One tip I can give you, though, is that if the bags need to breathe, make sure they do so before closing them since moisture will build up inside and may cause mold or mildew and other issues later on down the line. The last thing anyone wants is a smelly bag of poop in their closet!

And remember, never flush it down the toilet! You could potentially cause a “flood” as well as an expensive backup in your home.

Of course, you could always just let the dog do his business on the lawn and avoid having to pick up after him altogether!

However, if you have children or play with your pet in the backyard, it may be worth considering this option.

Will The Acid In Dog Poop Hurt My Grass?

The last line is my favorite! As stated above, if it’s not worth composting due to lack of nutrients or whatever other problem people think they might have in doing so, then why not apply it directly to the grass?

Again, it’s free fertilizer that requires no effort whatsoever on our part other than getting rid of it responsibly. So let your dogs poop carefully where only they can reach it without stepping in it, and then walk on the lawn to make sure you’ve covered up every piece of poop.

“Keeping them away from plants is easier said than done.” Actually, that’s completely untrue. It’s not hard at all to pick a location for your dog to take care of business where you won’t step in it, nor will he track it into the house.

There are poop mats available that fit under the legs of whatever chair or couch he usually sits/lays on while inside, so his droppings slide right off onto the mat before they touch anything else in your home.

Use these mats outside if your yard isn’t fenced in and you don’t have an enclosed area for him to do his thing.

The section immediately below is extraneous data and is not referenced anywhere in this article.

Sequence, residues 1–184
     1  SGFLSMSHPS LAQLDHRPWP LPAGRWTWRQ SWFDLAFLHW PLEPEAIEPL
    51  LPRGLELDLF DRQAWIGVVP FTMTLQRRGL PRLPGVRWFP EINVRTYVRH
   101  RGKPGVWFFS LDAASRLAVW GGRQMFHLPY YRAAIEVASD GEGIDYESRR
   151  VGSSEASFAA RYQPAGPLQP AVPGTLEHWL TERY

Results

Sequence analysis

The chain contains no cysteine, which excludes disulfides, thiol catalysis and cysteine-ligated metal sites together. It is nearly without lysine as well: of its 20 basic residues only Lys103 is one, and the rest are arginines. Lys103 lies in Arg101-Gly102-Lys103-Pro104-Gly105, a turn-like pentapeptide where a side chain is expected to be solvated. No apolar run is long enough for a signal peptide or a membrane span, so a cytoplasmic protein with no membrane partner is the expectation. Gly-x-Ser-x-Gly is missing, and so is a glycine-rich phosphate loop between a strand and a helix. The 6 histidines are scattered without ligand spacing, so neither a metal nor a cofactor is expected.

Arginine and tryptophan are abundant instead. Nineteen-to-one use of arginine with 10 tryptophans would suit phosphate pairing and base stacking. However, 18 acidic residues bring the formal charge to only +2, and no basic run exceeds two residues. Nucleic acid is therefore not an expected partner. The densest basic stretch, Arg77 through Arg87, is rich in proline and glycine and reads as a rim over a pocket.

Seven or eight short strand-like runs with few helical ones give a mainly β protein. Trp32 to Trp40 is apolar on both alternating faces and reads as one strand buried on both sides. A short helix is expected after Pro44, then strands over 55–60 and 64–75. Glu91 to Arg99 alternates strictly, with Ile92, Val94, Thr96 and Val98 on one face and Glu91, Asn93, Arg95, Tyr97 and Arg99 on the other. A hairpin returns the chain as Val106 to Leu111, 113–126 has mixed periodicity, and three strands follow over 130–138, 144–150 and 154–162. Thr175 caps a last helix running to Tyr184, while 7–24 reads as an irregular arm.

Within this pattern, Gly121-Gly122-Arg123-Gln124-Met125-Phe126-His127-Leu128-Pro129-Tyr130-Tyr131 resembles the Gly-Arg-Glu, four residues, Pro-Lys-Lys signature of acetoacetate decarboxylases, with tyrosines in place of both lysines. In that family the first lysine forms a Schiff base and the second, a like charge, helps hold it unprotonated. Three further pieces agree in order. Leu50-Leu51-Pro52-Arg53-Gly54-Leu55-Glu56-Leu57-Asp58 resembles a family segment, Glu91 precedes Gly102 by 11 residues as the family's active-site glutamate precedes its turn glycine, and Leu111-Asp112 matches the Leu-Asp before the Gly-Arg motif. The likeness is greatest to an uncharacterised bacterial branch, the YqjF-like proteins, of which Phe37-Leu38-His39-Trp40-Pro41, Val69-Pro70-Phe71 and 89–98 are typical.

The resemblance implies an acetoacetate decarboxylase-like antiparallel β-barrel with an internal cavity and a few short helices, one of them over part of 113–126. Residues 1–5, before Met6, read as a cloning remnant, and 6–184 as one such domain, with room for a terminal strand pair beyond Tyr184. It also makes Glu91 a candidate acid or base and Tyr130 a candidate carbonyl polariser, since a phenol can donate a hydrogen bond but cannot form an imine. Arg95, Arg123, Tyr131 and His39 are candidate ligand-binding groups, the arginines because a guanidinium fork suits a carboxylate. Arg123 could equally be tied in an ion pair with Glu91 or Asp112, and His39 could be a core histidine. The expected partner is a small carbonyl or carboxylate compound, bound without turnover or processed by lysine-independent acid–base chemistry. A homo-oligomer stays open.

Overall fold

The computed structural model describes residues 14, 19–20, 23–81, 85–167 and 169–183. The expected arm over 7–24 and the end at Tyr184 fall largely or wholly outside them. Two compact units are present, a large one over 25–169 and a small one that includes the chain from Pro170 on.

That’s an option too, but again it doesn’t make any sense to compost his waste if you can just spread it on the grass.

Either way, there’s no reason not to compost it or use it directly on your lawn instead of leaving it in bags outside where animals can break them open and spill them everywhere, or somebody else will step in it and track the mess all over your house before you’ve even had a chance to deal with it.

How Much Dog Poop Would You Need To Add To Soil To Make The Soil More Acidic??

The amount of “acidic poop” needed to cause harm to your plants and grass depends on the pH level you’re currently trying to achieve, not whether or not it’s dog waste. I actually timed it out several years ago when I was having a little too much crabgrass in my yard and wanted to lower the pH levels.

It took just over one cup of dried hen feces from our roosters for every 2 square feet of lawn space. Keep in mind that this will change depending on your soil type since moisture content plays an important role once it’s been tilled into the soil.

Mixing other organic materials like straw and leaves with hen droppings can make the process more efficient if you don’t have quite enough of it.

So why is dog poop so much cheaper to buy then?

Probably because it’s complete bullshit! I can’t think of any other reason, especially since we’re talking about dried shit in bags and not fresh shit underground when you have to pay someone to remove it from your yard. Some additives are added to the commercial stuff, but you’re free to do the same thing with your own “dog poop” at home if you choose.

But don’t forget what I told you earlier…it will smell a lot worse for a little while until everything has broken down into the soil and there’s no more odor left behind besides just dirt/grass as you would normally expect.